There is a lovely segment where Tommy Docherty is asked what advice he used to give defenders facing Greaves. 'Don’t blink'
The debate is a distraction. Greaves will be 80 next Thursday and BT Sport has produced a moving, human but unsentimental documentary to celebrate him.
The first half focuses on Greaves’s playing career, which had some lows as well as non-stop net-bulging highs; the second half is about Greaves’s alcoholism and subsequent TV fame.
The redemption arc will have its devotees, and there are some funny as well as sad moments. But it is the first half, the first act, that really engrosses. Here we are shown young Jimmy, natural Jimmy, a boy who moved effortlessly, who, like Robbie Fowler so many years later, always seemed to stroke the ball into the corner, rarely blasted, never rushed. There is a lovely segment where Tommy Docherty is asked what advice he used to give defenders facing Greaves. “Don’t blink,” says Docherty.
A regular at White Hart Lane as a boy, Greaves joined Chelsea in 1956 aged 16. Spurs, or “The Spurs” as Greaves’s father says in archive footage, were gazumped by a Chelsea scout who gave the family 50 pounds in “Irish fivers”.
He scored 114 goals in the youth team and by 17 was making his Chelsea first-team debut. He scored, he always scored on his debut, and it was at White Hart Lane.
Greaves was off, a mixture of speed, poise and goals, goals, goals. But this was in an era of disrespect for footballers, when they were woefully underpaid and asked to play on mud.
At 21, Greaves went to Italy, to AC Milan, for the money, then returned to England with Tottenham, where he won the FA Cup in 1962 and then the Cup Winners’ Cup in 1963. Spurs were the first British club to win a European trophy, hammering Atlético Madrid 5-1 in the final. And, of course, Greaves scored two.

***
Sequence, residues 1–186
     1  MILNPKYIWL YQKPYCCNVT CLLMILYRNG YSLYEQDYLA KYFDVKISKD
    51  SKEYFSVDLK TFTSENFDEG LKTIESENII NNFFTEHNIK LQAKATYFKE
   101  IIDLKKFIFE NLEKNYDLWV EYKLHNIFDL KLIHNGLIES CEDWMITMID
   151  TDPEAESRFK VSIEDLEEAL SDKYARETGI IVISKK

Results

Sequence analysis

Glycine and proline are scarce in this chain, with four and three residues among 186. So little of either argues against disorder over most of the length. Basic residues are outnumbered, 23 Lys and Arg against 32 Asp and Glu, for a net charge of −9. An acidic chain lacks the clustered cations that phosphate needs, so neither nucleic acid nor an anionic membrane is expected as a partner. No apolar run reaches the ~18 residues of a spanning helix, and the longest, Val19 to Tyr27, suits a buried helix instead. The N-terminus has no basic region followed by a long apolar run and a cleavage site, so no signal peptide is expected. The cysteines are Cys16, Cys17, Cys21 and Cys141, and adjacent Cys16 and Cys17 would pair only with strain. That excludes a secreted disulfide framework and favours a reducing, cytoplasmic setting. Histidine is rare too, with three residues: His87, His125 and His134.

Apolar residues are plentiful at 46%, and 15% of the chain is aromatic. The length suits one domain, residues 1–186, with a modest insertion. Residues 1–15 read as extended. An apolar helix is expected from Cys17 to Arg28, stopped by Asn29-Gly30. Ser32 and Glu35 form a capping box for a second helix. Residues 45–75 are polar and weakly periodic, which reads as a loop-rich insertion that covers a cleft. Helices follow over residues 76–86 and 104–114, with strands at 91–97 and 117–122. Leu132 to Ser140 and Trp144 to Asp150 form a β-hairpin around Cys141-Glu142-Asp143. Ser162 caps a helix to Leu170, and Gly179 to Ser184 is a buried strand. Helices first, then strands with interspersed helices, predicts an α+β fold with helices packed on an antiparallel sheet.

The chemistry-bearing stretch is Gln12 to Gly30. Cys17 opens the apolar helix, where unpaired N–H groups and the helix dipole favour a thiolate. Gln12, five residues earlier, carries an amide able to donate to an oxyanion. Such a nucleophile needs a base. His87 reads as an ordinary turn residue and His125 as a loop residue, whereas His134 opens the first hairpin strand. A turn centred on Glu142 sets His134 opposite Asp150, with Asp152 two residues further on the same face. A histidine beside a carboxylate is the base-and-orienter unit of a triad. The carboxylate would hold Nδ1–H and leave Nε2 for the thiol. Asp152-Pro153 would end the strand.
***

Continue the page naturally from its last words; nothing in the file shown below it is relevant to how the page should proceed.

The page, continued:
He was making history, dancing his way into the affection of all supporters, not just Tottenham’s. View the goal Greaves scored against Manchester United in 1965 and marvel at how he is the Messi at the end of this slow-quick spurt of Guardiola football. Even Arsenal fans will have smiled at its sheer elegance.
There were professional disappointments to come – he was badly injured in England’s third game of the 1966 World Cup and had to make way for Geoff Hurst – and there had been personal tragedy already. Before the move to Italy, Greaves and his wife Irene lost their baby son Jimmy jnr to pneumonia. “You become an empty shell,” Greaves wrote in his autobiography. “Time heals all, they say, but not this.”
The book, and others he wrote or contributed to, reveal a depth to Greaves not represented by his happy-go-lucky TV afterlife on Saint & Greavsie.
Greaves wrote this on his particular brand of fame in a biography of George Best: “When a pop star sees teenage girls screaming at him, it probably makes sense . . . But when a 17-year-old, fresh from the youth team, sees men old enough to be his father go weak at the knees, it’s a different emotion altogether.”
This talent stirred people, real people, and though Greaves said it was pressure, it did not halt him scoring 465 goals. He was a phenomenon, a beautiful one.
Alan Mullery says in the BT documentary: “I will remember Jimmy Greaves”; Mullery then hesitates slightly, before adding, “forever”.
Greavsie is on BT Sport 2 at 10.30pm on Tuesday.